Bridge Program Evaluation – Phase 1 Baseline Report

By Dana Powell Russell, Ed.D., lndependent Evaluation Consultant, and the Institute for Learning Innovation.
March, 2010

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Summary: The Asian Art Museum’s Bridge Program is a series of initiatives to update and expand the museum’s educational resources and programs. This report summarizes a teacher needs assessment commissioned by the Asian Art Museum and written in a collaboration between Dana Powell Russell, Ed.D., Independent Evaluation Consultant, and the Institute for Learning Innovation. An online survey and focus groups of teacher needs for curriculum and programs on Asian art and culture helped the museum understand how current materials and programs are perceived and used by the K-12 community. Interim and summative data will also be collected as the Bridge Program unfolds, with the intent of measuring progress against the baseline results and toward program goals and objectives.

About the Bridge Program
The Asian Art Museum of San Francisco received a major grant from the Bank of America Charitable Foundation to launch its new Bridge Program, a series of initiatives to update and expand the museum’s educational resources and programs with an emphasis on K-l2 teacher and school programs, new outreach programs to teens in the local community, and an expanded website. The museum seeks to position itself as a major resource for teaching about Asia. This study is the first step in defining the course of action needed to fulfill this vision. The Bridge Program will be implemented over a 4-1/2 year period, and aims to serve thousands of local, regional, statewide, and national stakeholders in the arts, education,¬† and Asian Studies communities.
Rationale
As the global impact of Asia in the 21st century continues to grow, new resources are needed to help teachers provide quality education about Asia in the nation’s schools. Yet, due to lack of funding, instructional materials and up-to-date professional development opportunities, teachers often have little support and few resources to enrich their curriculum. In fact, a study published by New York’s Asia Society entitled Asla in the Schools: Preparing Young Americans for Today’s lnterconnected World ( 2OO1), revealed that although many schools incorporate Asia into their curriculum, instructional materials on Asia “is outdated and superficial or, even worse, distorted and inaccurate” (2001:7 ). The study also found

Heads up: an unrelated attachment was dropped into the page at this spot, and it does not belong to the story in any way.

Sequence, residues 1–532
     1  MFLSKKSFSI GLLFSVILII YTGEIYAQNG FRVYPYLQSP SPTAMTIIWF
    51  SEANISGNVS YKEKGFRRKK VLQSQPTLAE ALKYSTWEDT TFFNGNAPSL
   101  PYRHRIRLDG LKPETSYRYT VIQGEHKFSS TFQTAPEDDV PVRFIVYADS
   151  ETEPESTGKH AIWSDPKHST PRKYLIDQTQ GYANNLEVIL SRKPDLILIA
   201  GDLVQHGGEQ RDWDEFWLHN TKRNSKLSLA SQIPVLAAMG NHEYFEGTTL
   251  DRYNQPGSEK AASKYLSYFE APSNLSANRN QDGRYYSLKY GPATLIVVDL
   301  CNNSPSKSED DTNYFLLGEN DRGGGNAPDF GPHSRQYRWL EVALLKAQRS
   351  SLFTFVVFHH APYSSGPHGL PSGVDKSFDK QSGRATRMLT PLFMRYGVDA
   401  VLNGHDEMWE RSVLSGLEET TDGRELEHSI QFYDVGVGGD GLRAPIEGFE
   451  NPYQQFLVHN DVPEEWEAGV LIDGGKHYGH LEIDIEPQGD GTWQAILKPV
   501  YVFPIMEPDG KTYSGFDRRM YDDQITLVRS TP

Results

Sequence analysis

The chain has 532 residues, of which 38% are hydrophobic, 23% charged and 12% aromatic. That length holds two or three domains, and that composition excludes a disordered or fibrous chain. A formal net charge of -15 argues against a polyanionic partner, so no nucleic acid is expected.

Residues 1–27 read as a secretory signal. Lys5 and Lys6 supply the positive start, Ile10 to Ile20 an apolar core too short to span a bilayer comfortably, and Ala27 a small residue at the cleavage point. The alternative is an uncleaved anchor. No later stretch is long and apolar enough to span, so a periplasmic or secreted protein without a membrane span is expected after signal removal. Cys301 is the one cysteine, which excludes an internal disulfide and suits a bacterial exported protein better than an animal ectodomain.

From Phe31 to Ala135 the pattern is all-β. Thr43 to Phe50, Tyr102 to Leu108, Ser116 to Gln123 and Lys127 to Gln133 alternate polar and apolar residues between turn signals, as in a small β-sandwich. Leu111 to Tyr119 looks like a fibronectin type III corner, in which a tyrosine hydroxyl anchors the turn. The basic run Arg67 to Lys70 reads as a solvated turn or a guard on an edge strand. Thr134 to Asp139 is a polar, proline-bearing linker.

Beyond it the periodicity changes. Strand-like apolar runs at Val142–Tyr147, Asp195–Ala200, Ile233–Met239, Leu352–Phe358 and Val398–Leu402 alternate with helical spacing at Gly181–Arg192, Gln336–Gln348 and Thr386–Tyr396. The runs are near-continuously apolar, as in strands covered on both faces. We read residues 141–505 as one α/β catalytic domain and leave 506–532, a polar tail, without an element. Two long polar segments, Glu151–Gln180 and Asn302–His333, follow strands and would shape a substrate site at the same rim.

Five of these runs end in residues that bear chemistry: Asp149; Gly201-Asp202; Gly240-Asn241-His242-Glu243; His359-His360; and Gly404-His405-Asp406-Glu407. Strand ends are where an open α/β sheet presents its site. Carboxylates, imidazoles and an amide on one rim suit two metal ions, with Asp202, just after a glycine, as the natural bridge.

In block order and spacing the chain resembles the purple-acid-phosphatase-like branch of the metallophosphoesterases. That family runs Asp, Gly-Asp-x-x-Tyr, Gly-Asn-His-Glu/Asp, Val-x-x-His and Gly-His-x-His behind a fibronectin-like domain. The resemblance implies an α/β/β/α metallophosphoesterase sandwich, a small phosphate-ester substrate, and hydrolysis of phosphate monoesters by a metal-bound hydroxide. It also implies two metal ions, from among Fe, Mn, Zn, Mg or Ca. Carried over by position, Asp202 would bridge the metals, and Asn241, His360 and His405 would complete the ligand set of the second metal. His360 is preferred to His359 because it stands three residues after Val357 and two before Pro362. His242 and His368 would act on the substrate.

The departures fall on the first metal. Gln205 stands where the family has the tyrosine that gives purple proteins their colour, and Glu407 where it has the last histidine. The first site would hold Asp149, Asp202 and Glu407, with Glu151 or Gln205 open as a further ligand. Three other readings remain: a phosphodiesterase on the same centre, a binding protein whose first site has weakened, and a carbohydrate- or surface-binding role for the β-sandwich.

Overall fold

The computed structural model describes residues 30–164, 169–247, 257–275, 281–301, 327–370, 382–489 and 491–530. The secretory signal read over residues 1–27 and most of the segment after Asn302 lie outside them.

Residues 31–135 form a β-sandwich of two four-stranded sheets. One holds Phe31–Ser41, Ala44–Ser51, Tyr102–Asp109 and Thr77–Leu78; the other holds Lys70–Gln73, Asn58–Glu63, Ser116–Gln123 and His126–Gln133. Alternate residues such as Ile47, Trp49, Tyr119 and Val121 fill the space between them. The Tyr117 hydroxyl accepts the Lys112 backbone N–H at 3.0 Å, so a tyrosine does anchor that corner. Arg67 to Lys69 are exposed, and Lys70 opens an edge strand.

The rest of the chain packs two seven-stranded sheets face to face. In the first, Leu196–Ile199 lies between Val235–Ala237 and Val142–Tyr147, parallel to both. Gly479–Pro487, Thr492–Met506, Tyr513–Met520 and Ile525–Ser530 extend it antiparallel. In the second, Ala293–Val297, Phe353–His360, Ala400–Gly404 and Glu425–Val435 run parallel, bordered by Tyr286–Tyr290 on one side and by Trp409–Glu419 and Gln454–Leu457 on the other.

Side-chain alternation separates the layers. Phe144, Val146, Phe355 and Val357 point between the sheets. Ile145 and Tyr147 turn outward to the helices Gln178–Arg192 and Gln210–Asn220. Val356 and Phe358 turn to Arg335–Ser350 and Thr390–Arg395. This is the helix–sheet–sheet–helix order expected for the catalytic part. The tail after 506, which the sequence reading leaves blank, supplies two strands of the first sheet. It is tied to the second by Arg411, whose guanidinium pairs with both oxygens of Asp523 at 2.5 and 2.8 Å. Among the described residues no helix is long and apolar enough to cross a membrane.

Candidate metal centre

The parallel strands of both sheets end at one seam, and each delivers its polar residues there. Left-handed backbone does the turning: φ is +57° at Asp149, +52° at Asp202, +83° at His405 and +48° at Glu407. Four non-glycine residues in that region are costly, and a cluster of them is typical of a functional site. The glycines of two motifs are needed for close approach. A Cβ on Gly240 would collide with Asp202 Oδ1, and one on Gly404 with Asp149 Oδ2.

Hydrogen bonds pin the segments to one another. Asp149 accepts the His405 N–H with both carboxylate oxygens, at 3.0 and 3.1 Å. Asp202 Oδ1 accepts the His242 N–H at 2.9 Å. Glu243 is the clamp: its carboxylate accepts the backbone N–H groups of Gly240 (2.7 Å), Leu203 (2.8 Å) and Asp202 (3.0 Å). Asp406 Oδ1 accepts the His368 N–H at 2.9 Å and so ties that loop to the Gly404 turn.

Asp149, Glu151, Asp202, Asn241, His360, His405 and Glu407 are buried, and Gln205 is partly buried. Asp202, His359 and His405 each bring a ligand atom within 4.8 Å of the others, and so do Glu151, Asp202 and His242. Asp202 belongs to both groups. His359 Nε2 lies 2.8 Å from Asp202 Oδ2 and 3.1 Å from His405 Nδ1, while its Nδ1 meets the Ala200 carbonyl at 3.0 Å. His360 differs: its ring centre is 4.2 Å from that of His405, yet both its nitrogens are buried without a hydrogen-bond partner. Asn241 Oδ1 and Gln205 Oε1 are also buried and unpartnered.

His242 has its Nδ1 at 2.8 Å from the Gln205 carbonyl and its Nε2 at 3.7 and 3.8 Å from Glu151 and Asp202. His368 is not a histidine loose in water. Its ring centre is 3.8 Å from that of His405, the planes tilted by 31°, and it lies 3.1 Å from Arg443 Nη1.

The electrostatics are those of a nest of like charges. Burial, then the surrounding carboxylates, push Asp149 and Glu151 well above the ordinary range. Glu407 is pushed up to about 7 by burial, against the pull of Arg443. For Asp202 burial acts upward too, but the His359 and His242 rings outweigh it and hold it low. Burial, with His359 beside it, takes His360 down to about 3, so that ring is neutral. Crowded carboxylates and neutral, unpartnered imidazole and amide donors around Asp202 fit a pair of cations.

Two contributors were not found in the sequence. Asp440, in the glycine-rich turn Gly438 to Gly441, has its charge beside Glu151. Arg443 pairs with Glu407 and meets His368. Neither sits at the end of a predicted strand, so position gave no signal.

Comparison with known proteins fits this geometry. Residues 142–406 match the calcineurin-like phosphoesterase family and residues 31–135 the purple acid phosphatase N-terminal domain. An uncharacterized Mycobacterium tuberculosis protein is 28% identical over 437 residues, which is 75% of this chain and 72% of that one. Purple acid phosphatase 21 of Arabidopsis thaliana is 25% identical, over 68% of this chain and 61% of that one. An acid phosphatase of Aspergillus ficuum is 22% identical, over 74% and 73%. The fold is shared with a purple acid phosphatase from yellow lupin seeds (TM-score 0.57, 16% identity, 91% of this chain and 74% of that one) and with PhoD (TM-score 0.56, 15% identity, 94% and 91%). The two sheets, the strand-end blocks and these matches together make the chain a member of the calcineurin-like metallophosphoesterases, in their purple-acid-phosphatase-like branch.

that although teachers often strive to incorporate teaching about Asia into their curriculum, “they must do so without adequate background [information]” and there are few professional development opportunities to update and enhance their knowledge (National Commission on Asia in the Schools, 2001:7). That said, museums–having increasingly positioned themselves as educational resources–have the potential to fill the gaps left by the inadequate resources on Asia in schools throughout the nation. The Asian Art Museum seeks to spearhead efforts to fill these gaps through its Bridge Program.
Purpose of the Study
The Asian Art Museum hired two independent evaluators to design the online survey and facilitate focus groups to gauge teacher needs for curriculum and programs on Asian art and culture, and to discover how the Asian Art Museum’s current materials and programs are perceived and used by the K-12 community. The study will inform the museum on how it can strengthen the reach, usability, and impact of its educational programs and resources through its Bridge Program. lnterim and summative data will also be collected as the Bridge Program unfolds, with the intent of measuring progress against¬† the baseline results and toward program goals and objectives.

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